Mongol girl performing Bayad dance.  By Tuguldur Sukhbold - Own work, CC BY-SA 3.0,

 As noted by the authors, this data adds to a growing body of evidence that elevated estrogen may not be a breast cancer promoter.  This data also contradicts the idea, which I have previously promoted, that all animal-based diets promote breast cancer to a greater degree than more plant-based diets.  The Mongolian women eat meat and dairy products from grass-fed animals.  It is well-established that the meat and dairy products from exclusively grass-fed animals have higher levels of omega-3 fats and conjugated linoleic acid, both of which appear to have anti-cancer effects.  Meat and dairy products from exclusively grass-fed animals also contain higher levels of phytonutrients derived from grasses, compared to grain-fed animal products, which may also protect against breast cancer if not other cancers as well. 

However, it is also important to note that Mongolia reportedly has the 11th highest heart disease death rate (261 per 100,000), about 2.6 times that of China (99 per 100,000) and 8.7 times that of France (about 30 per 100,000) (see rankings here).  One should not imagine that just because Mongolian women have a low rate of breast cancer, the Mongolian diet protects also against other degenerative diseases.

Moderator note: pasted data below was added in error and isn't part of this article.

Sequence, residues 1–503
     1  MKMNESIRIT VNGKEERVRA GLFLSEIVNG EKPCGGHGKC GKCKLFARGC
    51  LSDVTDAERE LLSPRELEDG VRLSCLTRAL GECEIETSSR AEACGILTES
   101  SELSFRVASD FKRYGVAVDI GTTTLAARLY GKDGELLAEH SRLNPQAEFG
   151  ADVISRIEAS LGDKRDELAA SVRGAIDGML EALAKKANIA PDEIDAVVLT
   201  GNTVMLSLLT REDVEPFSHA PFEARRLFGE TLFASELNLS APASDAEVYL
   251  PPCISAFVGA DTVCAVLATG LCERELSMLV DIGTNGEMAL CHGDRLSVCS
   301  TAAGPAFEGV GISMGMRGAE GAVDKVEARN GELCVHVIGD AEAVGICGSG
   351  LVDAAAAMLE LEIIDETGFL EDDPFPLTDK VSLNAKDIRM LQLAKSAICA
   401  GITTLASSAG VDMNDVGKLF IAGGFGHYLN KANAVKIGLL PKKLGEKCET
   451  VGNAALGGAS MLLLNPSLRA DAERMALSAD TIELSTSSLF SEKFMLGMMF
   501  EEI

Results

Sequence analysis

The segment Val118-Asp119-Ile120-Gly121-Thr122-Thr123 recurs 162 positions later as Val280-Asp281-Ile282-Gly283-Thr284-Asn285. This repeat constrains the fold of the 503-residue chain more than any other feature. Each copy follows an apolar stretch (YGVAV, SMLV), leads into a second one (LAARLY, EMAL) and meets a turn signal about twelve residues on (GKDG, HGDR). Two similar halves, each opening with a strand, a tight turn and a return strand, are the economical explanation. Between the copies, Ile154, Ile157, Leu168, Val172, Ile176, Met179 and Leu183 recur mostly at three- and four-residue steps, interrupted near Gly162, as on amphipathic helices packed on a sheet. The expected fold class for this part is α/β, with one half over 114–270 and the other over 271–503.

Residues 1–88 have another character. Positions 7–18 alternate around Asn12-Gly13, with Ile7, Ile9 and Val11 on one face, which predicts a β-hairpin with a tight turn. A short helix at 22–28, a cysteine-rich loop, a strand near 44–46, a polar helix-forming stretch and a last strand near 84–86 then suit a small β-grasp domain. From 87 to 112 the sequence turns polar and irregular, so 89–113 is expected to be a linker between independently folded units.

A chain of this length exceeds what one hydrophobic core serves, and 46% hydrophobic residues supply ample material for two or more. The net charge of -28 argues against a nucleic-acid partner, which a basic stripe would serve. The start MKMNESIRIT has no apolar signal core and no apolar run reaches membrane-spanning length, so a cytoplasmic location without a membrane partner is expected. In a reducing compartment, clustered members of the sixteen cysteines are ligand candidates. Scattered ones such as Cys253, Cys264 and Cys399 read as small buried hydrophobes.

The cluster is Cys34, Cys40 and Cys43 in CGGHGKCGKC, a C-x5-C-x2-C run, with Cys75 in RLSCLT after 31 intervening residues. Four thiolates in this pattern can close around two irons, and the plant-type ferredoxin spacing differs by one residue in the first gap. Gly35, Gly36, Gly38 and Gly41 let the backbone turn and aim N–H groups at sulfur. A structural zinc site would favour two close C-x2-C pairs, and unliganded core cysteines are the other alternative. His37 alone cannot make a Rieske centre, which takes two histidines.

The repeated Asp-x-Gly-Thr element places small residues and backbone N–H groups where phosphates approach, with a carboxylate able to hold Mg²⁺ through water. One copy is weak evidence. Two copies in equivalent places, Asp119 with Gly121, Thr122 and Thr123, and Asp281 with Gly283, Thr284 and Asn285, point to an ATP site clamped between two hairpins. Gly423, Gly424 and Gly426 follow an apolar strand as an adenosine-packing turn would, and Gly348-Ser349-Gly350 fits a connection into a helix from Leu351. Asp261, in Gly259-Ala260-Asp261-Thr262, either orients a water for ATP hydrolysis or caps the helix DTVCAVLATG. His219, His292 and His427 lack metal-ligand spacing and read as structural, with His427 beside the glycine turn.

I would further add that this data may suggest that early childbearing, multiple childbearing, and extensive breast feeding may be more important in prevention of breast cancer than dietary factors.   That is not likely a politically correct perspective in this age when 'feminists' seem bent on denying that female biology is geared toward early and multiple childbearing, but it is consistent with human evolution.  It is safer in our culture to talk about diet, than about reproductive activity choices.  Feminists won't attack you for promoting either a plant-based or a grass-fed animal based diet, but they will get "triggered" if you even suggest that women are biologically and psychologically adapted to being mothers.

It is a basic principle of pagan (including Taoist) philosophy that to enjoy life, one should act in harmony with nature, not in opposition to it.  It is a simple fact that women are most fertile in their first 10-15 menstruating years (roughly ages 18-30 years) so they are biologically designed to have children early in life, not after spending 10-15 years going to college and establishing a professional career.   Women who wait to have children until they are in their 30s or later will generally have a harder time conceiving and breast-feeding, and according to pre-modern European and Chinese medicine concepts, their children will generally have less vitality, because the mother's body will not be at its biological peak when imparting life to the children.  A growing body of evidence indicates that late child-bearing is not only worse for the children, it is also be worse for mother's long term health.